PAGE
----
We listen patiently as they tell us (and they often have the same response) that if someone does not like the traditionalist methods then they should go into another field. This argument is of course, very similar to arguments that people make to members of oppressed classses on the internet and in the news. If you don't like America, leave! I've often wondered at my own decision to stay in a field that is so regressive. I am filled with dismay at the prospect of leaving something that I love so much. I love the questions that philosophy asks, I love the sort of introspection and critical thinking it requires . I love it so much that despite the fact that the establishment is racist and sexist, I still want to immerse myself in it. I love it so much that I would drain myself and put myself in a position where I would have to audition for yet another white man to find my thoughts valuable; my concerns legitimate. I am a black woman. My whole life is geared towards making myself, my way of being acceptable to white people so that I can live. I have purposefully chosen a career where my success is dependent on whether white men will like my papers enough to allow me into their conferences, or allow me to submit my papers in their journals. I can't help but compare  my sacrifice, and the sacrifice that so many members in oppressed groups make to be apart of academia. I can't help but compare it to the care and devotion traditionalist have in order for upholding the traditionalist way of thinking.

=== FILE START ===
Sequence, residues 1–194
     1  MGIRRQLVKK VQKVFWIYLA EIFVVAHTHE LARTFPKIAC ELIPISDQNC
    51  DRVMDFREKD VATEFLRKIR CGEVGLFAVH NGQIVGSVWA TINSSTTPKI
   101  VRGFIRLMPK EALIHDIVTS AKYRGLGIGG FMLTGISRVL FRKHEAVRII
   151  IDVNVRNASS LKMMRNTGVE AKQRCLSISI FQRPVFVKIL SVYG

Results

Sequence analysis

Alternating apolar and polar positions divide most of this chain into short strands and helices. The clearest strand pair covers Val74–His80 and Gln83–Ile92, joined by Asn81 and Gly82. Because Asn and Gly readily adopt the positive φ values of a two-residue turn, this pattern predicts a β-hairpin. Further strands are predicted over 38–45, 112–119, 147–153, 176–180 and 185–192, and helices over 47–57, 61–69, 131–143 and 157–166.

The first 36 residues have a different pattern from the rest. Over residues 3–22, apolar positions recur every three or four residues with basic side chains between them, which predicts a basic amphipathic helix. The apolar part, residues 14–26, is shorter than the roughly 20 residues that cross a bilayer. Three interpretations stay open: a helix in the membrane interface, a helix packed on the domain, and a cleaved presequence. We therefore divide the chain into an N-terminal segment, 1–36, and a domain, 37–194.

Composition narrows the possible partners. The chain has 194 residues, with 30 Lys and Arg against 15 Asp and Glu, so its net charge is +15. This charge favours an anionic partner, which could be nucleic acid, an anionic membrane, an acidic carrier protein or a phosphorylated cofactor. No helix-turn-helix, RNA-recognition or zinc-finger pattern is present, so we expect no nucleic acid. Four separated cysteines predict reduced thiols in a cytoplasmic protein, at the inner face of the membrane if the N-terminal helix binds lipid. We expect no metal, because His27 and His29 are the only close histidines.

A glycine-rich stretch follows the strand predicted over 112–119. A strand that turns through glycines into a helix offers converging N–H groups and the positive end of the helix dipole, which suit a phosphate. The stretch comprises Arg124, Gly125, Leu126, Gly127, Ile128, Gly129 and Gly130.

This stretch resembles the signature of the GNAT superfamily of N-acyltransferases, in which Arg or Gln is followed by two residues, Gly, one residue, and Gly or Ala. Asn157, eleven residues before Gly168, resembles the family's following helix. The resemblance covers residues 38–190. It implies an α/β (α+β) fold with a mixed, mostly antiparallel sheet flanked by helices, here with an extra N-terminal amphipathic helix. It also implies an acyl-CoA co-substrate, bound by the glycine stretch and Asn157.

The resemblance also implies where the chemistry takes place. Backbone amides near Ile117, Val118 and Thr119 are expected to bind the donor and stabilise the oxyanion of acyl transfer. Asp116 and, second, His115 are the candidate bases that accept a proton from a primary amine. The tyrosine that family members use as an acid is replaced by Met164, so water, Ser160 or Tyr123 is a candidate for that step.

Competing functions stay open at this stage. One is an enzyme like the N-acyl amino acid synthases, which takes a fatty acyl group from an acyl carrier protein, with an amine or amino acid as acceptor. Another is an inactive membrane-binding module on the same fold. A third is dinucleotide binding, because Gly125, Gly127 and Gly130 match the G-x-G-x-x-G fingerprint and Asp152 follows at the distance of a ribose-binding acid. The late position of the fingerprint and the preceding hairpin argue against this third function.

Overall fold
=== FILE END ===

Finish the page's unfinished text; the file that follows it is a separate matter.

It goes without saying that people can and should work on whatever they are interested in. If they do not want to use another methodology they do not have to. The issue is when people in power delegitimize the efforts of members of oppressed groups and their allies to change things. 

Understandably, in every field there have been new "fads", new methodologies, new way of framing information. Anyone who has wanted a new way of doing things have had to "audition" to people in their field. They've had to explain themselves. This is just apart of academia. I want to make it clear that I am not talking about this. This discussion isn't a discussion about traditionalist views versus nontraditional ways of thinking. The issue becomes a problem of racism, sexism, and xenophobia when academics, who have a surmountable amount of privilege, tell members of oppressed groups that they cannot or should not try to contextualize their plight within their respective fields. It becomes a problem of racism, sexism, and xenophobia when people are taught that the only way to do the work they want to do is to remove themselves from the events that are unfolding as history unfolds.  The point at which you do this; you become apart of the system working to oppress whole peoples.  You become one person, in a long line of people throughout history, who have deterred oppressed people.